It’s not every day that a scam is exposed in nearly real time but Time and Tide posted a fascinating bit about a scammer who literally groomed a seller by pretending to be interested in a small retailer’s wares and then swapping a Patek Nautilus for a fake during a break in the negotiations.

A watch dealer,  Gautaman Senivasan, in Singapore was approached by a young man who wanted to buy a F.P. Journe Chronomètre Bleu. The buyer came to Senivasan’s house to make the deal but was especially interested in a Patek Senivasan had for sale.

Everything seemed normal at first until Senivasan let his guard down.

Gau stood up and walked across the room to the fridge – a distance of about five metres. He returned with a couple of ice-cold Cokes. “I wouldn’t have been gone more than 15 seconds – it was really quick,” he said. “But when I sat down, I don’t know, I just felt like the atmosphere had turned a little tense. This guy was putting the Nautilus back on the cushion for me, which was a little bit weird because I’d been handling that tray. But I didn’t say anything to him or think much of it.”

The buyer asked to see the Nautilus’ box and papers and Gau’s wife brought them down from upstairs. But as the conversation continued he had a sudden change of heart and decided that he was now leaning towards the Chronomètre Bleu again. Now, he asked to see the F.P. Journe box and papers.

In that instant, the buyer swapped the Patek with a fake he purchased for the exact purpose of defrauding Senivasan. The rest of the post is a great exploration of the scam and a fun little look at how good fakes are getting. Could you actually spot the fake below? I honestly couldn’t.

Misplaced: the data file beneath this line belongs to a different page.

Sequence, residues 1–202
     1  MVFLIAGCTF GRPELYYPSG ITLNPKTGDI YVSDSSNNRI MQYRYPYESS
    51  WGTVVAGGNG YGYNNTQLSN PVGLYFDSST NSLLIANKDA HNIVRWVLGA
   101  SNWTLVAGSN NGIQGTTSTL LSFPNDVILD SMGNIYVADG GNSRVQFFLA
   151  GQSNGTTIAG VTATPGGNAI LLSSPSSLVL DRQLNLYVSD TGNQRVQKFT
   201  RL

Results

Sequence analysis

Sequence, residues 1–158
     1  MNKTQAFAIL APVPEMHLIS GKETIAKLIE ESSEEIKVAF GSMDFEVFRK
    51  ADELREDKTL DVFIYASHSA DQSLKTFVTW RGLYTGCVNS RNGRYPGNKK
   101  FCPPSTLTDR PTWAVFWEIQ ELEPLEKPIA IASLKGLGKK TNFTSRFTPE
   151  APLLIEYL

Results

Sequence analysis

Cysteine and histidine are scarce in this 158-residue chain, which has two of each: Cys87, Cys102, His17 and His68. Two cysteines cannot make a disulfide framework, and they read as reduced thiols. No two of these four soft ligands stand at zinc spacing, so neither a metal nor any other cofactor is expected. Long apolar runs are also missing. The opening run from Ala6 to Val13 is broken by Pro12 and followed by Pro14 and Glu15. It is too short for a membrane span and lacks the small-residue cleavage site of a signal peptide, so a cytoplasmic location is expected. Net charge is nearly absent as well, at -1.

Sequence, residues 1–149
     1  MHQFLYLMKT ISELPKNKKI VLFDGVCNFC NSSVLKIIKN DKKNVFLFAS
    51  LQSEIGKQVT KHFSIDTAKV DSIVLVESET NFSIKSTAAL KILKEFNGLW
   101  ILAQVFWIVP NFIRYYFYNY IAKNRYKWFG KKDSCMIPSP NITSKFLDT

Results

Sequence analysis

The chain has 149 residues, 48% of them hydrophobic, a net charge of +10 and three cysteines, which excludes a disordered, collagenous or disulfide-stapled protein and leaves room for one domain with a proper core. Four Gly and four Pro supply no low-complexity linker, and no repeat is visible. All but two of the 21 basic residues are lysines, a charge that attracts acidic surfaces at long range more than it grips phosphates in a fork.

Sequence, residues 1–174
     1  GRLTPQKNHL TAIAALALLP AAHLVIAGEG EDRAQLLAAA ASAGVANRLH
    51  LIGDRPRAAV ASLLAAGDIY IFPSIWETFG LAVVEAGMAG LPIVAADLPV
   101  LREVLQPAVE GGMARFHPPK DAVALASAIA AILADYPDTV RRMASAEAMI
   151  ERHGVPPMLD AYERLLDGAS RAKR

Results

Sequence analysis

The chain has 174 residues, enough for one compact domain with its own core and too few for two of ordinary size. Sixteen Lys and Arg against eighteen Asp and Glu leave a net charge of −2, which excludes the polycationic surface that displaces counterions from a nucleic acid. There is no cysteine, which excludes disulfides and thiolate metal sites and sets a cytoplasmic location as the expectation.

Senivasan offered a few great tips on avoiding getting scammed in the future. Here’s hoping none of us have to use them.

Prior to the sale, be very, very familiar with your watches and the condition that they are in. Take pictures of any marks or scratches. Also get photographic evidence of the reference, serial numbers, the box and papers. Document everything.

During the sale, before handing the watch over to the buyer, check the serial numbers together with the buyer and reference the serial number for them against the card. Do that before they inspect the watch so that they know that youknow what the serial number is. That way they can’t mess around with you.

If you’re showing multiple watches, know exactly how many there are and display them in a specific pattern that you’ve memorised so that you can immediately notice if one of the watches has been removed. This enables you to know at a glance whether everything is in order.

Make sure you re-check the serial numbers, cards and tags before putting the watch back in the box. Any time you are showing watches, always put the watch back in the box and seal it yourself. That way you know you are leaving with your watch.

Do reference checks on the buyer on forums before your meet up to (hopefully) avoid scam-artists and time-wasters. Sure, it’s not fool-proof but it’s another step of due diligence that should help you to know who you’re dealing with.

By John Biggs

John lives in Brooklyn and has loved watches since he got his first Swatch Irony automatic in 1998. He is the editor of WristWatchReview.

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